House Speaker Nancy Pelosi says they’re close. She briefed lawmakers Monday
night and said more meetings would follow Tuesday.

The sticking point in the talks has been Washington’s demand to tighten the
definition of North American steel with regard to where cars and their parts
can be said to originate.


The federal government says promised tax relief is coming.

Finance Minister Bill Morneau has introduced a motion to raise the basic
personal income-tax exemption to 15-thousand dollars from 12-thousand.

Morneau says about 20-million Canadians will pay less tax and more than
one-million more will eventually pay no federal tax at all.

The tax cut is expected to be phased in over the next four years.

Morneau also promised a report on federal finances before M-Ps break for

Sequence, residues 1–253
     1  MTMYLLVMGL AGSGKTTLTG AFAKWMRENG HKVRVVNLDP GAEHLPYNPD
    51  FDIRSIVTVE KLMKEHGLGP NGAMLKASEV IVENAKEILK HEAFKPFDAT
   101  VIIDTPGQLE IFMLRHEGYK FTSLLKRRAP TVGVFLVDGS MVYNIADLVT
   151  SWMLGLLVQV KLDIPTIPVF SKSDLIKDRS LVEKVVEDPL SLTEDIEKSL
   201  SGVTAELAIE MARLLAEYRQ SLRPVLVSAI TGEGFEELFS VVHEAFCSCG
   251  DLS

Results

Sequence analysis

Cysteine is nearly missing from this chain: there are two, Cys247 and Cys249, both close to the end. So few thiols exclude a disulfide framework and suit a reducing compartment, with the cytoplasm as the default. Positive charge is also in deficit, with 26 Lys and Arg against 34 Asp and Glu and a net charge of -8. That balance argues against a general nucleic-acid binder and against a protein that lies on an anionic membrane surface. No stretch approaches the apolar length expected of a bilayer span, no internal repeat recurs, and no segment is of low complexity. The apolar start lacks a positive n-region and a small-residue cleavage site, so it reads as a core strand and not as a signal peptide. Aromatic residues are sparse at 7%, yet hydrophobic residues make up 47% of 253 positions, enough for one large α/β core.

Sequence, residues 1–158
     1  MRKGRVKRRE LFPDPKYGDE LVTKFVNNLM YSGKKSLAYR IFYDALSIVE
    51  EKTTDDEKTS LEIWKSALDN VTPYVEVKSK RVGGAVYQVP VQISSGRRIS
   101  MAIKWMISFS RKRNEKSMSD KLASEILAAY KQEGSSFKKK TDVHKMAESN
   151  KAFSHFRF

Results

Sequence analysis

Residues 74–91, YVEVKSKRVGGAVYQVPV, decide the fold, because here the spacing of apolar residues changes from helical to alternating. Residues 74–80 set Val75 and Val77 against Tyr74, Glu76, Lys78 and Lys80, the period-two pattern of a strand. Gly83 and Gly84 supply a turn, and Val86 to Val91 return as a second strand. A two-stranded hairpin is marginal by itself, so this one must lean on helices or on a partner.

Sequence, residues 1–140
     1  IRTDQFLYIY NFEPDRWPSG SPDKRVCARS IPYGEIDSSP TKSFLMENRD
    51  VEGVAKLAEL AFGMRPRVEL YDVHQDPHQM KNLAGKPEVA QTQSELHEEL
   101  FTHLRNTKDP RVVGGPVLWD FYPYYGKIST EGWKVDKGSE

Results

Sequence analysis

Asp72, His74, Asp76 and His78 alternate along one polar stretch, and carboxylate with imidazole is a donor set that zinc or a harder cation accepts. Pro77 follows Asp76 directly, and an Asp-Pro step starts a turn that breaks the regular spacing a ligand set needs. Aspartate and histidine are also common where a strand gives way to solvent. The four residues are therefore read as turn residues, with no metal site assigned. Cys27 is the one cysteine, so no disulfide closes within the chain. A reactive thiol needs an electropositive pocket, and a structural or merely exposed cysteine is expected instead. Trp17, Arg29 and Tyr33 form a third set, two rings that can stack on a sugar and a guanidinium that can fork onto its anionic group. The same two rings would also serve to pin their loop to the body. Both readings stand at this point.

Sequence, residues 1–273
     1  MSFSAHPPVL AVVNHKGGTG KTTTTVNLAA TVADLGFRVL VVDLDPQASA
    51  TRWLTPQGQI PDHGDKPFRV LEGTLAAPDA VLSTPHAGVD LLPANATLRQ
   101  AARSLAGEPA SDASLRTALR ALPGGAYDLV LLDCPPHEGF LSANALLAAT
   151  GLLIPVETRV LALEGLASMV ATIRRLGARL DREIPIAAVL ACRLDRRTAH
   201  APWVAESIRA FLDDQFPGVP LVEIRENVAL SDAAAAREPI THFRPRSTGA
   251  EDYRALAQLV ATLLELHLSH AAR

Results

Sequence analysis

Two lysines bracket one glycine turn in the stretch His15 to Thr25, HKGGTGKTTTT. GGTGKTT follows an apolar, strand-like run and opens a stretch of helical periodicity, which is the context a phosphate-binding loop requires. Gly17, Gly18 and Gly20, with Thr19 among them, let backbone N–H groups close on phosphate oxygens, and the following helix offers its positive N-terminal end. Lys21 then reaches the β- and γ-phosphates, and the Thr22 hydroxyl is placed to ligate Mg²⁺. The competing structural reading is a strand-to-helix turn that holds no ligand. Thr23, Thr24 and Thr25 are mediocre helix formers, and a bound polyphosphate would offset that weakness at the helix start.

Zealand deaths

Police in New Zealand are opening a criminal investigation into the deaths of
tourists on a volcanic island.

Five deaths have been confirmed after yesterday’s eruption of the White
Island volcano…but other people are feared dead.

About 47 people were on the island at the time, and some of those evacuated
suffered critical burns.

The alert level on White Island was raised last monthand there are questions
about whether tourists should have been on the island.


The Senators beat the Bruins 5-2. Calgary clipped Colorado 5-4 in overtime
for its fifth straight win.

The Raptors held off the Bulls 93-92 in Chicago.

The Eagles rallied to down the Giants 23-17in Monday Night Football.